7. 7. • When “credits” need to be accumulated for issues that are more important • When continued competition would only damage the cause • When preserving harmony and avoiding disruption are especially important • When subordinates need to develop and to be allowed to learn mistakes 2. Potential negative consequences of accommodating: • Decreased influence, respect, or recognition by too much deference • Laxity in discipline • Frustration as own needs are not met • Self-esteem undermined • Relinquished best solutionV. What are some common miscommunication styles in conflict? Discuss which of the following communication styles you use A. The Avoider The avoider refuses to fight. When a conflict arises, he’ll leave, fall asleep, pretend to be busy at work, or keep from facing the problem in some other way. This behaviour makes it very difficult for another to express his feelings of anger, hurt, etc. because the avoider won’t fight back. B. The Guilt Maker Instead of saying straight out that he doesn’t want or approve of something, the guilt maker tries to change his partner’s behaviour by making him feel responsible for causing pain. The guilt maker’s favourite line is: “It’s OK, don’t worry about me…” accompanied by a big sigh. C. The Subject Changer Really a type of avoider, the subject changer escapes facing up to aggression by shifting the conversation whenever it approaches an area of conflict. Because of his tactics, the subject changer and his partner never have the chance to explore their problem and do something about it. D. The Mind Reader Instead of allowing another to honestly express feelings, the mind reader goes into character analysis, explaining what the other person really means or what’s wrong with the other person. By behaving this way the mind reader refuses to handle his own feelings and leaves no room for the other person to express himself. E. The Withholder Instead of expressing his anger honestly and directly, the withholder typically punishes his/her spouse by keeping back something – courtesy, affection, good cooking, humour, sex. As you can imagine, this is likely to build up even greater resentments in the relationship. F. The Trapper The trapper plays an especially dirty trick by setting up a desired behaviour for his partner, and then when it’s met, attacking the very thing he requested. An example of this technique is for the trapper to say: “Let’s be totally honest with each other,” and then when the partner shares his feelings he finds himself attacked for having feelings that the trapper doesn’t want to accept. Business God’s Way © Paul Nyamuda (Student Notes with Answers) 96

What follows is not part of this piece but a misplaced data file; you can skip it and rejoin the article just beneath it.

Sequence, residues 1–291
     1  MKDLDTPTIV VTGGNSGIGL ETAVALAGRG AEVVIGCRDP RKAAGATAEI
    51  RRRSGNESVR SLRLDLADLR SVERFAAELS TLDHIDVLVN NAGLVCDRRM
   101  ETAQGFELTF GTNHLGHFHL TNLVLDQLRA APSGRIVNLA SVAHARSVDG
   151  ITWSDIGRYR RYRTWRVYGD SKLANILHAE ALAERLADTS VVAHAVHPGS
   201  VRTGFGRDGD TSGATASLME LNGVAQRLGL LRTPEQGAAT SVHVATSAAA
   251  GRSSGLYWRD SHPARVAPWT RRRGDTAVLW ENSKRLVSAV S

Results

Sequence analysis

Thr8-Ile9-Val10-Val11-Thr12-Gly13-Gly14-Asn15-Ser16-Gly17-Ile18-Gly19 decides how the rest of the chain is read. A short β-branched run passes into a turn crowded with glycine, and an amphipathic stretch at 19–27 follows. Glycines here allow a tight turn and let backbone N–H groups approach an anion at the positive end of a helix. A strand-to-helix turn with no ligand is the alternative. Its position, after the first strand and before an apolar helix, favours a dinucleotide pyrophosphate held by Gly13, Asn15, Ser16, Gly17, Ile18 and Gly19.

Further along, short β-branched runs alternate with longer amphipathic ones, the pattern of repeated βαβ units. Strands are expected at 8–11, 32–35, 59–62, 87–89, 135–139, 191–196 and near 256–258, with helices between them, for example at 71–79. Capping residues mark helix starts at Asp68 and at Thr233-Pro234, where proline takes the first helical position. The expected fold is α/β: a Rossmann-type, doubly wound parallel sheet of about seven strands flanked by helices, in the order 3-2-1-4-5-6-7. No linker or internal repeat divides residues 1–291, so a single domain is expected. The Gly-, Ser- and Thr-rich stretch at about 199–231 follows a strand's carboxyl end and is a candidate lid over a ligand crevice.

8. 8. G. The Gunny Sacker This person doesn’t respond immediately when he’s angry. Instead, he puts his resentment into his gunnysack, which after a while begins to bulge with large and small gripes. Then when the sack is about to burst, the gunny-sacker pours out all his pent-up aggressions on the overwhelmed and unsuspecting victim. H. The Trivial Tyranniser: Instead of honestly sharing his resentments, the trivial tyranniser does things he knows will get his partners goat: leaving dirty dishes in the sink, clipping his fingernails in bed, belching out loud, turning up the television too loud, and so on. I. The Joker Because he’s afraid to face conflicts squarely, the joker kids around when his partner wants to be serious, thus blocking the expression of important feelings. J. The Beltliner Everyone has a psychological “beltline”, and below it are subjects too sensitive to be approached without damaging the relationship. Beltlines may have to do with physical characteristics, intelligence, past behaviour or deeply ingrained personality traits a person is trying to overcome. In an attempt to “get even” or hurt his partner the beltliner will use his intimate knowledge to hit below the belt, where he knows it will hurt. K. The Kitchen Sink Fighter This person is so named because in an argument he brings up things that are totally off the subject (“everything, but the kitchen sink”): the way his spouse behaved last New Year’s Eve, the unmade bed – anything. Taken from Weinstein, et al: Communication SkillsVI. What are some guidelines for dealing with confrontations? A. Have a clear and systematic methodology for dealing with confrontations. 1. Seek first to understand before being understood (Ask for the other view point to be explained) 2. Explain the situation the way you see it 3. Describe how it is affecting performance 4. Agree on the problem 5. Explore and discuss possible solutions 6. Agree on what each person will do to solve the problem 7. Set a date for follow-up if necessary B. Learn to manage your hostility. Hamlin (1988) outlines that in a public setting one of the major goals in confronting hostility and resolving it is to show your audience that you can stay in control of your feelings and your facts, and to continue to convince them, even if you are verbally assaulted. Techniques for handling hostility when answering questions are outlined below: 1. Take a breath 2. Identify the hostility 3. Understand the anger 4. Get out of the personal realm 5. Find something common 6. Ask for further clarification 7. Settle for disagreement Business God’s Way © Paul Nyamuda (Student Notes with Answers) 97